Coca-Cola sets 25% carbon reduction target

Coke marks new partnership with WWF by announcing 25% reduction targets for carbon emissions and water

Coca-Cola had previously helped WWF raise awareness on the effects of climate change to the lives of Arctic bears. (Source: WWF)

By Nilima Choudhury

Coca-Cola has revealed plans to cut the carbon emissions linked to each of its products by 25%.

It aims to increase its water efficiency 25% by 2020, improving on the 21.4% target it achieved between 2004-2012, and also to use at least 25% recycled or renewable material in plastic bottles by 2015. The current percentage is 5%.

The drinks giant announced the new targets last week, when it also revealed it was renewing its partnership with NGO WWF to address all natural resource challenges impacting fresh water.

In January Coca-Cola launched a fresh ‘Arctic Home’ initiative, branding products with polar bears and donating €3 million a year to support WWF’s activities. Polar bears first appeared on Coca-Cola products in 1922.

Access to energy and water are a key business challenge for Coke, which works with 300 ‘bottling partners’ in 200 countries.

“We have renewed our partnership through to 2020 with a continued focus on freshwater conservation, and we are working together to set new, aggressive environmental goals across the Coca-Cola system” Liz Lowe, CRS manager at Coca-Cola told RTCC.

Lowe said Coca-Cola is also partnering with a variety of stakeholders to run a more sustainably-conscious business.

“Our goals reflect the input and feedback of a variety of internal and external stakeholders and partners, including WWF,” she said. “We also worked with our bottling partners to determine goals that were bold, yet measured for our system.”

Since 2007, the two partners have worked together to conserve and protect priority river basins and catchments around the world; to improve water efficiency and reduce carbon emissions across Coke’s manufacturing operations; and to promote sustainable agriculture throughout the company’s supply chain.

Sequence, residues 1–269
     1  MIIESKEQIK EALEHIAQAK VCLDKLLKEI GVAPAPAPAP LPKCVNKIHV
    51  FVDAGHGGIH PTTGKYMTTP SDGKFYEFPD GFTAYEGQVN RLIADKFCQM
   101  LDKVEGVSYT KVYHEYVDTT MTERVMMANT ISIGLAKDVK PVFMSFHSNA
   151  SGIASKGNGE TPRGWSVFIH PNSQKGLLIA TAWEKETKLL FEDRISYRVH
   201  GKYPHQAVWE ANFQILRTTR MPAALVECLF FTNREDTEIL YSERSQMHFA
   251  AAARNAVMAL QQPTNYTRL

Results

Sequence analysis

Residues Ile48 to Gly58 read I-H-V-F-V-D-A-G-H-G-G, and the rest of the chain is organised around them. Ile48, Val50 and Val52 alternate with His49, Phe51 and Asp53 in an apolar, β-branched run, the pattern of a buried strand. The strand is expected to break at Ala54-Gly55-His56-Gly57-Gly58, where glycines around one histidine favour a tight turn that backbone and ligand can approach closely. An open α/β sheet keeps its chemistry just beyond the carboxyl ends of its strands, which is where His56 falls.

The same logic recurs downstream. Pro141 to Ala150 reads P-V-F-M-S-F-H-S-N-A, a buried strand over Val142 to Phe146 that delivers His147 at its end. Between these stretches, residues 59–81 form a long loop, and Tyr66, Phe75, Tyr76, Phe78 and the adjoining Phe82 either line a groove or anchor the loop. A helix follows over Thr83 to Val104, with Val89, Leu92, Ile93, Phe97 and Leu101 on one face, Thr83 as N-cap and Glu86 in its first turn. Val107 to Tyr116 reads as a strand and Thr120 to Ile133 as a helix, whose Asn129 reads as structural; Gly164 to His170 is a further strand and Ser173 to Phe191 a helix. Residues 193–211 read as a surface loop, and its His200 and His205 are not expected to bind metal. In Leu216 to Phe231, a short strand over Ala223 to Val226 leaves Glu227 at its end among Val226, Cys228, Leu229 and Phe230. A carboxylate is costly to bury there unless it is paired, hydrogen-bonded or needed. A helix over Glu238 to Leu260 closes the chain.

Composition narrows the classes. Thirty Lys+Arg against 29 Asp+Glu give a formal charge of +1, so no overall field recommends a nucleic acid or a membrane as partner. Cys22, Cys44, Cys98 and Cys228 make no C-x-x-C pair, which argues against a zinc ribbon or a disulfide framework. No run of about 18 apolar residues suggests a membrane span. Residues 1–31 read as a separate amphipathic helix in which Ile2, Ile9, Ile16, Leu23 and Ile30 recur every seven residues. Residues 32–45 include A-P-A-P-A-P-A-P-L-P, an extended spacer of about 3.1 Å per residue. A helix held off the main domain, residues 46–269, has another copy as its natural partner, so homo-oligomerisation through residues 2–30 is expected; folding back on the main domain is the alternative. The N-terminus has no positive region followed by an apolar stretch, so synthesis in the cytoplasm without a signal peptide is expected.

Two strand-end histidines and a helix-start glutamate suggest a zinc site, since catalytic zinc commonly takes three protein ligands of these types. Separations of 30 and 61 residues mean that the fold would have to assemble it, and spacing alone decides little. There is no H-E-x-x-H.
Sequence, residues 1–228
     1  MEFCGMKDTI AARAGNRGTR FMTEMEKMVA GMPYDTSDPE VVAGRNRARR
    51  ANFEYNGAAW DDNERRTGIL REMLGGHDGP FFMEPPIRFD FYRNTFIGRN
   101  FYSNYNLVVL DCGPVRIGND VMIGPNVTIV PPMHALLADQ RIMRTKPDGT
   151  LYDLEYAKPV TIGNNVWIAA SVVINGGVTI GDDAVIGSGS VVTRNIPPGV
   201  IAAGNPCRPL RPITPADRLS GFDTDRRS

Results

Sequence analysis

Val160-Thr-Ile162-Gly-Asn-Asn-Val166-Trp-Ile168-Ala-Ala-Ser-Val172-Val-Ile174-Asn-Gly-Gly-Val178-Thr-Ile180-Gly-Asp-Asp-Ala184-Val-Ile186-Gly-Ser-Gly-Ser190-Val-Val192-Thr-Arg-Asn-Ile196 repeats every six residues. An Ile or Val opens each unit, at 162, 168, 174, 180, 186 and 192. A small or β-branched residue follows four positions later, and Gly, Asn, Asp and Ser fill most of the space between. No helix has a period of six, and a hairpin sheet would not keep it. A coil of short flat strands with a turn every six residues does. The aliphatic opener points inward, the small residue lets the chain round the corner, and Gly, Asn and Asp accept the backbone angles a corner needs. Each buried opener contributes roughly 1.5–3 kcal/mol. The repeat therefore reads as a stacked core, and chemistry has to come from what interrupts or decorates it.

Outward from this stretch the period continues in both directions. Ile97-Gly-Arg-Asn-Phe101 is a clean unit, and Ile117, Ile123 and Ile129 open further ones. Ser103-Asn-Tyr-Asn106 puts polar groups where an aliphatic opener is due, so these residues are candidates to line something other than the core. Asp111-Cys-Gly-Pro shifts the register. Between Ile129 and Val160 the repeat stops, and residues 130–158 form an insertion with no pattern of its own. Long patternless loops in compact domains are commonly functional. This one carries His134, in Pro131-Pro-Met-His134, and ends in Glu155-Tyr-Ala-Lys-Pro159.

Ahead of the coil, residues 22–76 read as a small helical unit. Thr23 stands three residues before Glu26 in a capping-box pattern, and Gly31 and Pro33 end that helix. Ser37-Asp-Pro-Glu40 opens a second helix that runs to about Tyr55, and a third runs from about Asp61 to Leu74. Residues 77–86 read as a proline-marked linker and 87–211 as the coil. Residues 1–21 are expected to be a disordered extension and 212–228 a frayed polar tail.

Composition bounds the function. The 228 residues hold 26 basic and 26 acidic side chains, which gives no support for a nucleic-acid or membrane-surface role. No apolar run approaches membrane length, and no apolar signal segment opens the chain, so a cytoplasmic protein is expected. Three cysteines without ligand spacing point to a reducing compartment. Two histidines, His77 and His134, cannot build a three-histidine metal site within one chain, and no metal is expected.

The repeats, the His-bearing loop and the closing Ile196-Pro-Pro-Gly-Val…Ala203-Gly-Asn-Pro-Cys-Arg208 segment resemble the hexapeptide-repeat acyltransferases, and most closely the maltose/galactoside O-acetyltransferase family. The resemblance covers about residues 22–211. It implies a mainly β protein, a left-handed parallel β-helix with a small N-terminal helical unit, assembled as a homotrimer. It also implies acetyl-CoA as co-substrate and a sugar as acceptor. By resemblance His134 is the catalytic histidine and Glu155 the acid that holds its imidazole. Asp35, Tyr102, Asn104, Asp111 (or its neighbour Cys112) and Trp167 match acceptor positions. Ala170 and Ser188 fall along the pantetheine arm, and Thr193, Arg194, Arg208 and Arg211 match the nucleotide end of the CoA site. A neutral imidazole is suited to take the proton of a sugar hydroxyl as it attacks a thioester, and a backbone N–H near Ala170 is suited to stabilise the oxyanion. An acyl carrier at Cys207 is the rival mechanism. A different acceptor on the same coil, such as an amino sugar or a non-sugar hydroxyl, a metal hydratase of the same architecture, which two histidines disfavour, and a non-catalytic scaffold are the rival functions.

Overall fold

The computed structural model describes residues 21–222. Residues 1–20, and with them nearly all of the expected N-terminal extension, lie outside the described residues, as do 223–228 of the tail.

The decade-long partnership has already expanded from a headquarters-to-headquarters collaboration to nearly 50 countries, with Coca-Cola and WWF teams working together at the local level.

“We are witnessing unprecedented demands on natural resources around the world,” Carter Roberts, President and CEO WWF explained. “Continuing with business as usual puts everything at risk, including the viability of business. These problems can only be solved by working together, and our work with Coca-Cola has proven that collaboration can amplify and accelerate the impact we need.”

The move marks another step in the global brand’s attempts to rehabilitate its battered image. Coca-Cola has received stiff criticism over some of its practices in the developing world.

The firm’s bottling plants in India were accused of using too much water in drought-prone areas in 2005, leaving poor local villagers with too little.

Allegations over the firm’s sharp practice have previously been made in Pakistan, Guatemala and Nicaragua.

The company claims it is committing $24 million to the WWF partnership over the next eight years to advance conservation efforts on the ground, in Coca-Cola system manufacturing operations and in its supply chain.

“As we face a resource-stressed world with growing global demands on food and water, we must seek solutions that drive mutual benefit for business, communities and nature,” said Muhtar Kent, Coca-Cola CEO.

“Working with WWF will continue to challenge our company to advance our sustainability programs, and WWF’s expertise will be instrumental in reaching our environmental performance goals, some of which they help us set.”

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